The principal’s voice was heavy on the phone as she spoke with me. “I know what happened–all of it now–but we have a zero-tolerance policy for violence in the school. The other child is being suspended out of school–at home with a parent–for a week, and other measures will be taken, as well. I have to protect the privacy of the other student but I am telling you: we will put tools and consequences in place so that this will not happen again.”
Outside of a lecture on the importance of talking to trusted adults when you need help, we didn’t punish our son at home. On the night of the incident we actually went out for pizza and ice cream. He did his three days of ISS and when he came back to class, two boys in his gym class told him that they thought he was cool for standing up to the other kid and not taking it anymore; a trio of girls nearby agreed.
A week later, my son joined a running club for children with disabilities. Within six months he’d lost 40 lbs. and was requesting that we buy healthier snacks when we went food shopping. He has never felt like a victim at school again. At his most recent annual review meeting as we discussed moving my son out of inclusion and into a more-rigorous curriculum, his teacher told me, “Whenever I pass him in the halls, he is chatting and surrounded by friends.”
So, after all of this, I thought it would be a good idea to go as a family last Friday to see the documentaryBully. My older son is a member of his high school’s Anti-bullying Club and was planning shortly on participating in its Gay-Straight Alliance’s Day of Silence to support gay, lesbian, bisexual, and transgendered students. I wanted my children to see that they were not alone in experiencing either bullying or inept school personnel. I thought that the movie would give their experiences a broader context and soften some of the residual sting in all our memories.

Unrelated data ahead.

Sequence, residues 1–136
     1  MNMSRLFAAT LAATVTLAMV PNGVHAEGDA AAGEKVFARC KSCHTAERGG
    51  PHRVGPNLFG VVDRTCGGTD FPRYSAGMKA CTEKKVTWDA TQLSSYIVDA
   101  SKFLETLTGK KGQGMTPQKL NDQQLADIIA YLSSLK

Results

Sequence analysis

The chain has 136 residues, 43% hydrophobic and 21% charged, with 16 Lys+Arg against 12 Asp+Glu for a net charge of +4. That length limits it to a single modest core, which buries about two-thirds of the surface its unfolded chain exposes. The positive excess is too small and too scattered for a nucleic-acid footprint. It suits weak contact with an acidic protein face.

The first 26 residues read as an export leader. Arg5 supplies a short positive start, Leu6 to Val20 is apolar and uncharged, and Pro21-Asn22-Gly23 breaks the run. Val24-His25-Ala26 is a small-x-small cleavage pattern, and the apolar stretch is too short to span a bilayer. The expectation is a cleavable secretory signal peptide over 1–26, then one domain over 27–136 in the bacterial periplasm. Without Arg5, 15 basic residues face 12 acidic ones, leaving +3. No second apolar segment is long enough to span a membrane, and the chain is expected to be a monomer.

The boys brought a friend and all three agreed afterwards that the movie was worthwhile. “That was a lot better than I thought it was going to be, actually,” my younger son confided. “I thought it was going to be boring but it really wasn’t–and I can understand why you wanted us to see it.” As my older son walked off then to be interviewed by the local television station, I excused myself to the bathroom for one last, brief, shuddering crying jag before we all drove off to an afternoon of cheese fries and amusement park rides at Coney Island.
It may sound melodramatic, but I cried through this entire film. The opening scenes intersperse home movies of a toddler giggling up at a camera with scenes of his somber father recounting the life events that ultimately lead up to Tyler Long committing suicide at 17, and that was it: 90 minutes of continuous crying and a headache that followed me all day until bed.
I saw aspects of my children in almost all of the children followed in this film: like my older son, Alex has some developmental issues and refuses to tell the adults in his life how badly he is being abused. Like my younger son, Alex had a frail, perilous babyhood. Like the principal at Alex’s school who tells his parents, “These children are just as good as gold,” the principal at our elementary school was clearly not trained in creating a school culture that rooted out bullying and abuse. Like my older son, Ja’Meya also finally decided that she needed to fight back against her bullies–but she didn’t just push a child against a wall, she brought her mother’s handgun onto her school bus and brandished it in front of her peers in an effort to get them to leave her alone (and wound up incarcerated in a psychiatric hospital for six months).
“Geeky” Tyler Long suffered through years of being abused in his school’s locker room and being called “a fag” before he hung himself in his bedroom closet. Ty Smalley was a beautiful little boy with freckles and wide eyes similar to my younger son’s features. He killed himself after he was suspended from school for standing up to a bully…
I can’t help but believe that if conditions were only a little different, I could be one of the devastated, shell-shocked parents in this movie. Don’t mistake me: I empathized with the other parents in Bully but I was crying for me and my children. The policeman in the film who suggests that 14-year-old Ja’Meya be charged with 44 counts of kidnapping and receive hundreds of years of imprisonment because she hadn’t “really been hurt” simply doesn’t know what he is talking about.
Bully is playing in a still-expanding number of theaters nationwide. The movie was initially given an R rating by the MPAA but after a great deal of media attention and public outcry, this was changed to PG-13. Go with a group of people you care about. Get ice cream afterwards. Or cheese fries.